Today Putin is in a cul de sac from which he cannot seem to find an honorable way out. The social, economic and political implications of an aggressive, bloody and costly war could weigh on Moscow's future bargaining position for a long time. He would not want to become the Xi Jinping's valet but the facts tell us that the alliance is no longer between equals, with Russia hiring reluctantly the location of junior partners. Putin has now reached a point where he cannot afford to give in unless he has something to show as a trophy. And this, if poorly advised, could lead him to consider further aggressive options, deemed suitable to recover visibility and prestige.

The presence of relatively small but powerfully armed Russian surface units, with missiles capable of hitting at great distances, and the unscrupulousness with which Moscow is aggressively moving in the Mediterranean allows, in fact, the Russians to threaten the territory of Italy and NATO, to consolidate its alliances in the basin and to lay the foundations for strategic penetration into the African continent, rich in resources and raw materials.

Consequently, there exists the need to strengthen our overall naval and air force, in order to increase our ability to project forces into the wider Mediterranean, mainly through air, surface and underwater units capable of effectively dealing with the threat, whatever it may be, with suitable rules of engagement (given by politics) to adequately protect national interests and prestige.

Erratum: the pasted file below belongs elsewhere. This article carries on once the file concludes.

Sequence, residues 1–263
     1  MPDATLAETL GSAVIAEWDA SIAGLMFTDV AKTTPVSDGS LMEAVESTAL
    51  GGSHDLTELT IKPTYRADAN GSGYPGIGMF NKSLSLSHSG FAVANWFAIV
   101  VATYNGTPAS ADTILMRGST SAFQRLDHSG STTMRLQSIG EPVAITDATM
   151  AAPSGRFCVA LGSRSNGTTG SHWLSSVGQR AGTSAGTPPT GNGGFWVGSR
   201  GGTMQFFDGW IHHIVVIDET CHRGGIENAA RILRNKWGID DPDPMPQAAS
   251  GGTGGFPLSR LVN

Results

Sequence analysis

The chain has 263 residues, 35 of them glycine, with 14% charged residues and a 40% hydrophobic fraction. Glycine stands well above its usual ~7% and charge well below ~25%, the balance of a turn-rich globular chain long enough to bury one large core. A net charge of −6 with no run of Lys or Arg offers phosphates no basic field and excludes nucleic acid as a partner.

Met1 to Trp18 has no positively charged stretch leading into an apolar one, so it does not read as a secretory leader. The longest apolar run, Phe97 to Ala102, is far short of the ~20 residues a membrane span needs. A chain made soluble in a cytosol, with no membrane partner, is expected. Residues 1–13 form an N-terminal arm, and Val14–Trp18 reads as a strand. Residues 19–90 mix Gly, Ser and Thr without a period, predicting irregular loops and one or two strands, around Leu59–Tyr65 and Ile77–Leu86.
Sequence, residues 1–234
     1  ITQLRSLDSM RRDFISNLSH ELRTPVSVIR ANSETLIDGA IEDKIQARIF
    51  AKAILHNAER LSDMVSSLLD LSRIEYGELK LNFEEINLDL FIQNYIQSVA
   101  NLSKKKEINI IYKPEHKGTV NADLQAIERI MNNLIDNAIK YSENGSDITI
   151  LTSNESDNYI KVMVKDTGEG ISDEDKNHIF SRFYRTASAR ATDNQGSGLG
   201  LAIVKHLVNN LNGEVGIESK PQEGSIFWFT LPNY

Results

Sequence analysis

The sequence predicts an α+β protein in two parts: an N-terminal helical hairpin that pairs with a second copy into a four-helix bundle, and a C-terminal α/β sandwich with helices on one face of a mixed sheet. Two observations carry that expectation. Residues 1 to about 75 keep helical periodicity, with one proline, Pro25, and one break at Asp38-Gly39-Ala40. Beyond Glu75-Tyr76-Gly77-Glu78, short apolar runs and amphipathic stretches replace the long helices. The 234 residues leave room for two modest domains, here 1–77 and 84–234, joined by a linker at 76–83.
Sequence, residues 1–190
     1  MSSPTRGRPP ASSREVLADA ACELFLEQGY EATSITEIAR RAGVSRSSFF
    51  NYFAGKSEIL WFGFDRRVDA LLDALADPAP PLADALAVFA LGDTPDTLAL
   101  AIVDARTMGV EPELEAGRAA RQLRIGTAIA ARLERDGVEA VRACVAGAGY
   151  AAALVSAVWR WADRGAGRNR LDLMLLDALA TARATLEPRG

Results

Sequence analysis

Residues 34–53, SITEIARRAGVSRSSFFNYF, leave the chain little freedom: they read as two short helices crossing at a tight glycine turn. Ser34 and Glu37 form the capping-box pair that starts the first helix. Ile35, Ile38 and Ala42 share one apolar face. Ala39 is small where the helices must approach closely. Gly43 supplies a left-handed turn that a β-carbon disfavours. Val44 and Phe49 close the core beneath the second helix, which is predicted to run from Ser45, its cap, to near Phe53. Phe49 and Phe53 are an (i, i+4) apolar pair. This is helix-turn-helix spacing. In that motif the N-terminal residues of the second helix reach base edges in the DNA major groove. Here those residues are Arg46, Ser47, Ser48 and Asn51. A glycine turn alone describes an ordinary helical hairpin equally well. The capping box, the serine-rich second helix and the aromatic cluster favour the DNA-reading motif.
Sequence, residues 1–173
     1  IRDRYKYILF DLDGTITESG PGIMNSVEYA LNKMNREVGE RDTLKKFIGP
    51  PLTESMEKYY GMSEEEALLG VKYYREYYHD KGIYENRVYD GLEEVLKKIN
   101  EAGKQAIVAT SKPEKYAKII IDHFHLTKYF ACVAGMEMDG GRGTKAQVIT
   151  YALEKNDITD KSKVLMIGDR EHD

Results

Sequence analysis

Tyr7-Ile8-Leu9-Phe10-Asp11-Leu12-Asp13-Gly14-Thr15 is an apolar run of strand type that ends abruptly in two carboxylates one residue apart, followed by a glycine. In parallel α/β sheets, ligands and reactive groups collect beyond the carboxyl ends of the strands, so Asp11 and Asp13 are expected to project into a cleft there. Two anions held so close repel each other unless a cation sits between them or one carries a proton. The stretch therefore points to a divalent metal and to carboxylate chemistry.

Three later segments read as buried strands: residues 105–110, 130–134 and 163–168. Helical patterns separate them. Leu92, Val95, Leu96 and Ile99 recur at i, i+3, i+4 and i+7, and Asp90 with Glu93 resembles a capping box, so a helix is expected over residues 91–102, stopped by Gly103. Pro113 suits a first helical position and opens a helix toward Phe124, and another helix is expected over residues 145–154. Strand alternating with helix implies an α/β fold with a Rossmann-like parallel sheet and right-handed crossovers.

Not only that, it will be important too evaluate the national arsenal infrastructure system with new eyes, which must be able to respond promptly and, to a certain extent independently of the industrial sector, to the needs of a Navy which will require a growing presence and efficiency at sea.

In the current situation of intense international competition for the exploitation of marine resources, it will therefore be essential to have eyes to see and ears to hear, maintaining a qualified naval presence in the waters of the eastern and central Mediterranean, with ships that are also capable of carrying out an effective deterrent action against any initiatives aimed at compressing our freedom to use the sea.

For an economy like the Italian one, based on the importation of raw materials, their transformation and the export of processed products, national interests are not protected only in front of the home beaches but especially on the seas far from the peninsula, where it is necessary to safeguard freedom of navigation along maritime trade routes of interest or underwater lines of communication and energy supply, in order to guarantee the well-being and prestige of the nation.

An overall simple concept, which history has taught all maritime countries and which scholars in the sector know well. It is up to our politicians to translate these lessons into concrete actions.

i Since 2013, Italy has been present in the Arctic Council as an observer.

ii With a SCALP/Storm Shadow missile attack, for example, on 13 September 2023 the Ukrainian Forces hit the amphibious assault ship hard Minsk (“Ropucha” class) and the conventional submarine Rostov-on-Don (“Kilo” class) while they were in port at Sevastoppli. Both as a result of the explosions and the subsequent fires on board, it is believed that the two units are no longer operational.

Photo: Ministry of Defense of the Russian Federation